There are five main types of discounts: 

1)  General public discounts.  The most common discounts released by Disney, they're available to everyone and are usually in the form of resort room discounts or free dining. Watch for black out dates and booking periods. Most often, these discounts are available during slower times of the year, so don't expect to see this type of code during Christmas break, Easter break, or mid-summer. 

2)  Annual Pass discounts.  These are room discounts available to annual passholders. These usually come out weeks or even months after the GP discount for the same time period.  Most often, they are for 5 - 10 percent higher than GP discounts, but they're also offered for a much more limited number of rooms so book when they come out.

3)  Pin Codes.  Pin codes are the stuff of legends on  Disney message boards because they can be pretty difficult to get.  Briefly, a pin code is a discount code that is personal to you.  You simply go to Disney's website and sign up.  Then, you wait for a code to come to your email or home address.  Sometimes it comes, sometimes . . . it doesn't.  Urban legend has it that you'll be more likely to get a code if you play around with the reservation system after you sign up so that Disney knows you're looking to book a vacation. You can also sign up your spouse and try to double your chances.  If you're traveling with a group, sign up every adult in the group as well, as you normally can book up to three rooms per code, as long as the main person on the pin code is the main contact. 

Pin codes are normally a better deal than what's available to the general public and often a hint of what Disney will release later that year to everyone.  As with the general public codes, make sure you pay attention to black out dates and booking periods.

4)  Military discounts.  Military discounts are, without question, the best discounts available right now. These are available to both retired and active duty members.  If you are a reservist who has served on active duty in the past year, you may also qualify; see your MWR office for details, as these often change.  You'll need to show a military ID at check-in and when you buy tickets.  Room rates average around 40% off.  Right now the current ticket option is for a four-day park hopper for $138 per person (no discount for children), which is a great savings.  Unfortunately, you can't add more days to this admission ticket, but you normally can add water park days.

You can't book military discounted rooms online, so you'll need to contact your travel agent or call Disney directly.  I've found the cast members at booking to be extra helpful with these packages.

5)  Florida resident discounts.  These discounts are available to Florida residents only. They're usually for resort rooms and often, just a few resorts will participate, for example, one moderate and two deluxe resorts. They tend to come out just a month or so before travel.  Don't forget to ask about special park admission discounts during certain times of the year. These are usually in the form of three-day parkhoppers.

Next up, I'll talk about how to play the Disney discount game.

Contact me at to find out how you can get a free $50 Disney gift card when you book a Disney vacation over $2400. This is in addition to current Disney discounts.

Thursday, March 17, 2011

Bad Advice Abounds.

This recent article on, The Absolutely Indispensable Guide to Disney World,  illustrates the point that you have to be careful about where you get your Disney advice.  While there's some good advice contained in the article, it's this little gem that I take issue with:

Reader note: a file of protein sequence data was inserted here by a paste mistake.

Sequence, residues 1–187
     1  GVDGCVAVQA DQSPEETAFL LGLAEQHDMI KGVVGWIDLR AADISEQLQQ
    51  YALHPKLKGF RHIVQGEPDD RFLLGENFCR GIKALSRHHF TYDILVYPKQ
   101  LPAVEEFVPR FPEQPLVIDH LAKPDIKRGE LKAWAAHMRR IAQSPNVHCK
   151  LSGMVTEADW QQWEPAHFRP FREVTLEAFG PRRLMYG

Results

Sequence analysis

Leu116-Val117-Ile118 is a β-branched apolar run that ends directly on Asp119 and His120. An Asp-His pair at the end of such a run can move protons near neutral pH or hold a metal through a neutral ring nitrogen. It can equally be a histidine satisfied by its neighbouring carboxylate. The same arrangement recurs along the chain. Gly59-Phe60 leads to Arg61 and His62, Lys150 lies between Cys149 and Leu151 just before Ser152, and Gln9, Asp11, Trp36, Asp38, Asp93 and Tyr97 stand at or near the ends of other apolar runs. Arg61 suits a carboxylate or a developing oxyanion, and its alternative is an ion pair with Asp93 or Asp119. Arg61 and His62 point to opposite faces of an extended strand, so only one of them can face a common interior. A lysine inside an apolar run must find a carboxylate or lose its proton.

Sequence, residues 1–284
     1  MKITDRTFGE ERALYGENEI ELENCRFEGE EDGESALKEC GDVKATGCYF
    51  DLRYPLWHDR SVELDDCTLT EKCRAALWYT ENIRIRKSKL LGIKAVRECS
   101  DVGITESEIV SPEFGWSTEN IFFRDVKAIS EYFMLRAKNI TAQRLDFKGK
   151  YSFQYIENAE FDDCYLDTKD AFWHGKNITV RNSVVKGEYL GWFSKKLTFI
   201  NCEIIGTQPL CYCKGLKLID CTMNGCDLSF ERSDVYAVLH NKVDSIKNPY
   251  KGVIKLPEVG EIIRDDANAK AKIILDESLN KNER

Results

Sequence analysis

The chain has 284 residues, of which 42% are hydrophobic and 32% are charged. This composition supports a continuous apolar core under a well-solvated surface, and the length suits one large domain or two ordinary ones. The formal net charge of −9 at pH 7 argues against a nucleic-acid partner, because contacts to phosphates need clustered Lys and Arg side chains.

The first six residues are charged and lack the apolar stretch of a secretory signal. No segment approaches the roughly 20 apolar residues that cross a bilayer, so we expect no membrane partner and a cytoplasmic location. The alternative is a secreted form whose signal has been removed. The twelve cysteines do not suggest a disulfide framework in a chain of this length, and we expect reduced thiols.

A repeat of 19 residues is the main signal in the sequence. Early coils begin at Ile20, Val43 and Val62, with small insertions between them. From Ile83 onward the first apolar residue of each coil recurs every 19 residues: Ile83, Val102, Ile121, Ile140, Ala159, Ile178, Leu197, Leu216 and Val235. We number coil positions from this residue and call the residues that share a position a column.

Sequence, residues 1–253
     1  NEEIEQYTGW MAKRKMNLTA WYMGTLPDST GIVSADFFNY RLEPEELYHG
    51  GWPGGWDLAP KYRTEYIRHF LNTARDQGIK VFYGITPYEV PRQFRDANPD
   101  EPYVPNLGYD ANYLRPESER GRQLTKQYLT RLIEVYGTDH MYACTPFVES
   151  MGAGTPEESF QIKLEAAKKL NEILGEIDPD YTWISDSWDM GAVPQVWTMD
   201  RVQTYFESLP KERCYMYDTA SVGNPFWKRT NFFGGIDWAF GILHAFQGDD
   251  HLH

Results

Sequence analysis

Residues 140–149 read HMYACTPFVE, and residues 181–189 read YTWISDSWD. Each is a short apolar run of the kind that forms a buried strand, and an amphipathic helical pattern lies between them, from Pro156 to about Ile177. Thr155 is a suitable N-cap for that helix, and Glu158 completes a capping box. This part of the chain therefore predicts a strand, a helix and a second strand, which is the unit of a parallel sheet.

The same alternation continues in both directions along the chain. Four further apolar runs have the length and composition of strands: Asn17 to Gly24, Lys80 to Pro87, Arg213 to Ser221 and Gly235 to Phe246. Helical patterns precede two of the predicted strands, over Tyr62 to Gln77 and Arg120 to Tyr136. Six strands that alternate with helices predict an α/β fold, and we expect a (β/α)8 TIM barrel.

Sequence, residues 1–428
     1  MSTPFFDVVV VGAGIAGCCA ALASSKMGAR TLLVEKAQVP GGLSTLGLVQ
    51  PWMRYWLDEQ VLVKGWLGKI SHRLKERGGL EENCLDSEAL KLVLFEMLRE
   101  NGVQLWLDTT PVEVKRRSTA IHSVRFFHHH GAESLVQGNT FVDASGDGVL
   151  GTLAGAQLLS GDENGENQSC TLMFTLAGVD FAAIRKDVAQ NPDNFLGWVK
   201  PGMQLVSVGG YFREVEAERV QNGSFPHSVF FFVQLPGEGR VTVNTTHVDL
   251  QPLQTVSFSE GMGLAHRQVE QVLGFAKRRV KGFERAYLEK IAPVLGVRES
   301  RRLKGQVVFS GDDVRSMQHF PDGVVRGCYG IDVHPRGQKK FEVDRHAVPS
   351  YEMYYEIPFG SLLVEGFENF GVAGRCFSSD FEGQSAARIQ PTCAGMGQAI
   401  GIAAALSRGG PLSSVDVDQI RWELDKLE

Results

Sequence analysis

"Don't even think about paying for parking

When you're shelling out $82 a day for admission, tacking on another $14 for parking can feel like adding insult to injury. I'm proud to say my family hasn't paid for a spot in years. What many out-of-towners don't realize is that the parking lots at Disney water parks, miniature-golf courses and the Downtown Disney entertainment district are absolutely free.

From those locations, shuttle buses will take you wherever you need to go (note that some routes require transfers). Our all-time favorite spot is an unmarked overflow lot across the street from the BoardWalk Inn. Next to a Hess gas station, the lot is almost always half-empty and is a 10-minute walk to the resort.

From there, you can stroll over to Epcot, take a ferry ride to Hollywood Studios, or catch a shuttle bus anywhere else -- all free of charge."

Seriously?  Okay, none of us like paying $14 a day for parking.  You'll get no argument from me there. But if you're staying off-site (on-site guests and annual passholders park for free), it's one of those costs you build into your trip.  Ignore the fact that the author's advice is basically a gray area from a moral standpoint no matter how you look at it.  What really gets me is that this advice is simply impractical!

Let's break it down.  Since there are no buses that go from Downtown Disney to the parks (for this very reason), you'll need to take a bus to a resort and transfer. Because there are fewer buses running in the morning from  Downtown Disney to the resorts for practical reasons (i.e., they aren't needed at that time), you'll probably spend an hour between waiting for the bus and then riding to the resort.  From there, you'll need to transfer to another bus and go to the park of your choice, adding a minimum of 20 - 30 minutes.  This is, of course, assuming there are no long lines of actual resort guests waiting ahead of you. If there are, add another 30 minutes or more to your plan.  The option of parking in the overflow lot at Boardwalk Inn only shaves a few minutes off this scenario, requires a lot of walking on a day when you'll be walking a lot already, and carries the additional risk of your car being towed. But never mind: You saved $14.